Dietary Fiber – Benefits for Athletes
Dietary fiber is an essential part of a balanced diet and should be included in healthy meals on a daily basis. Athletes can also enjoy the benefits a high-fiber diet provides. We’ll answer the following questions in this post:
- 1. What is dietary fiber?
- 2. Why is a high-fiber diet so healthy?
- 3. How much fiber should I eat per day?
- 4. What should athletes consider when eating a high-fiber diet?
1. What is dietary fiber?
Dietary fiber is the parts of unprocessed – almost always plant – foods that your body can’t digest. There are two kinds of fiber: soluble and insoluble.(1) They play important roles in digestion and your metabolism.
What is soluble fiber?
Soluble fiber absorbs water in the colon and turns into a gel-like substance. You can thank soluble fiber for your regular bowel movements. They have a prebiotic effect, which means they provide nutrients to intestinal bacteria, protect intestinal mucosa, and ensure healthy gut flora.
Soluble fiber is found in these foods:
- Fruit (e.g. apples and pears)
- Vegetables (e.g. carrots, artichokes, and onions)
What is insoluble fiber?
Insoluble fiber does not absorb water and can’t be broken down by gut microbiota. As a result, it keeps you feeling full longer and stimulates your digestion. Insoluble fiber is especially effective in preventing or treating constipation.
Insoluble fiber is found in these foods:
- Whole-grains and whole-grain products
- Fruit and vegetable peels
Good to know:
High-fiber foods usually contain different proportions of both soluble and insoluble fiber. If you include a variety of foods and colors in your diet, you will get plenty of both.
2. Why is a high-fiber diet so healthy?
A diet rich in fiber has a number of health benefits.
A high-fiber diet supports gut health and digestion. It ensures regular bowel movements and keeps you feeling full longer. Eating a diet rich in fiber has also been shown to reduce the risk of colon cancer.(2) When you consume a lot of dietary fiber, it’s important to stay hydrated.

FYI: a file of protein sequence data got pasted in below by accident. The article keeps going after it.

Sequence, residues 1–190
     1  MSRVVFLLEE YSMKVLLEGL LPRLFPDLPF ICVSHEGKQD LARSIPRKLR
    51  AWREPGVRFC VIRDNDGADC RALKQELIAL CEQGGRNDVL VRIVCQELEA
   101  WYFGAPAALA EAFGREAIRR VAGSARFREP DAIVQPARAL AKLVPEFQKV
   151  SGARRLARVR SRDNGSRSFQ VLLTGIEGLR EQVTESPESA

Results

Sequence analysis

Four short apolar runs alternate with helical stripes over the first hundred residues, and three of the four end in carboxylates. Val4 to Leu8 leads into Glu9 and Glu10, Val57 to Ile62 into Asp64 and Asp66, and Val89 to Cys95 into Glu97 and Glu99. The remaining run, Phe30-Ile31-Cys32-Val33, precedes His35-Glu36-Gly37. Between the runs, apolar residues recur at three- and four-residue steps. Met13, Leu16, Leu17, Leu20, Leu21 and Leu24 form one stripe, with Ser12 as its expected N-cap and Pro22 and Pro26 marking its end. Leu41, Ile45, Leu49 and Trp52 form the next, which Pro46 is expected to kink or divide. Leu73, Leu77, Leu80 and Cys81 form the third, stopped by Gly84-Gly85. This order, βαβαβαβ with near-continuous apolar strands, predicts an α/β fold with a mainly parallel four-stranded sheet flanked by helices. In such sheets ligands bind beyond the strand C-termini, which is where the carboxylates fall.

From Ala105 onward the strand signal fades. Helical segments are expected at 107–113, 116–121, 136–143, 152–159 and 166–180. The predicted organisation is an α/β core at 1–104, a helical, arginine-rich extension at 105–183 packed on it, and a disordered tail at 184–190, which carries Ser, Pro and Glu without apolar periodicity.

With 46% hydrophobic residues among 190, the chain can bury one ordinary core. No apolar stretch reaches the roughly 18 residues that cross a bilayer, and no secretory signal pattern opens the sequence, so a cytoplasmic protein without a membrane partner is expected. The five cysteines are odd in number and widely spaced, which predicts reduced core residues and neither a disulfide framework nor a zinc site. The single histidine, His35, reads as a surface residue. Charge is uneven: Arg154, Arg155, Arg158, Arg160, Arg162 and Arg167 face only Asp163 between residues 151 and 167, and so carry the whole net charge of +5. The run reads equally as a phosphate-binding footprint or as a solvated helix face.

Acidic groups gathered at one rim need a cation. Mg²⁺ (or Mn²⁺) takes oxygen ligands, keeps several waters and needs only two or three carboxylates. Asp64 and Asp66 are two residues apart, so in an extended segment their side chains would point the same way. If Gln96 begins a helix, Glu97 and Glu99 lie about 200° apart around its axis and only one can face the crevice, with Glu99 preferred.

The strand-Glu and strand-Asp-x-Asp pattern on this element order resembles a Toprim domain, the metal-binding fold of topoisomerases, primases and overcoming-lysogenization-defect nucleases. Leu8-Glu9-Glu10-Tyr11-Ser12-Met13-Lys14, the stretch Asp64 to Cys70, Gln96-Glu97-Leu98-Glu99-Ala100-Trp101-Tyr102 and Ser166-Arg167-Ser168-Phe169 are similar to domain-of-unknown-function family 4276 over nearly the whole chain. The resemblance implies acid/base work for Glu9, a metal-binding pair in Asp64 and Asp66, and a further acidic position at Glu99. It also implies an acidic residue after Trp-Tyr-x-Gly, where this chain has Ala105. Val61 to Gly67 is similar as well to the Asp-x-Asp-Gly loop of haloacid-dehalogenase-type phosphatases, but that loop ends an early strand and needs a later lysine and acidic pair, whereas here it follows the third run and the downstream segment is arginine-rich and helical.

A healthy gut is closely tied to a strong immune system. A high-fiber diet can strengthen your immune system. How does this work? The fiber feeds the healthy microorganisms living in our digestive tract which build healthy microbiota.(5)
Did you know?
Frequent consumption of fiber from plant-based foods is associated with a reduced risk of obesity. (7) These foods take longer to digest which keeps you full longer, thus lowering the risk of overeating.
A high-fiber diet also plays an important role in treating type 2 diabetes.(8) Since fiber is digested slowly, it stabilizes the blood sugar and keeps it from spiking, which is what happens when you eat white flour products.
3. How much fiber should I eat per day?
A healthy adult should consume between 25g and 38g of fiber each day.(9) There is no limit to how much at the moment; many adults struggle to even reach the recommended amount.
Are you ready to start changing how you eat and including more dietary fiber, but you’re wondering how to do it? Be careful to increase your fiber intake gradually to prevent bloating. It’s also very important to drink enough water. If you don’t, you may experience constipation.
4. What should athletes consider when eating a high-fiber diet?
Athletes can also enjoy the benefits of a high-fiber diet listed above. The goal should always be to cover your fiber requirements with natural foods, rather than opting for nutritional supplements.
Typical foods for runners, such as whole grain pasta, oats, and broccoli, are almost always a good option. Why almost always? In sports nutrition, it’s important to time your meals properly. A high-fiber diet has a lot of benefits for athletes, by it can also cause digestion problems (feeling too full due to slower digestion, bloating, etc.) Everyone handles fiber differently.
If you eat a meal high in fiber before a workout, it can slow you down. Carbohydrates are the best choice before a workout in order to fill your glycogen stores and give you the energy you need.(10) Make sure to stick to carbs that are easy to digest right before exercising.
You might want to reduce fiber to a minimum on race days to avoid any problems. The most important thing to remember is never experiment with food on those days. Stick with what you know works well for you.
What should I eat on workout days?
Wondering what you should eat to perform your best during endurance or strength workouts? You’ll find everything you need to know in our nutrition guide.
Example of a high-fiber meal plan on workout day
We’ve put together an example of how you can integrate high-fiber foods into your workout day. Have a low-fiber snack before your workout:
- Breakfast: oatmeal with apples, flax seeds, and nut butter
- Snack: plain dairy or soy yogurt with berries
- Lunch: sandwich with hummus or cheese, baby spinach, tomatoes, and cucumber on whole grain bread
- Pre-workout snack: banana or slice of white bread with honey
- Post-workout snack: protein shake
- Dinner: brown rice with vegetables, kidney beans, and chicken or tofu.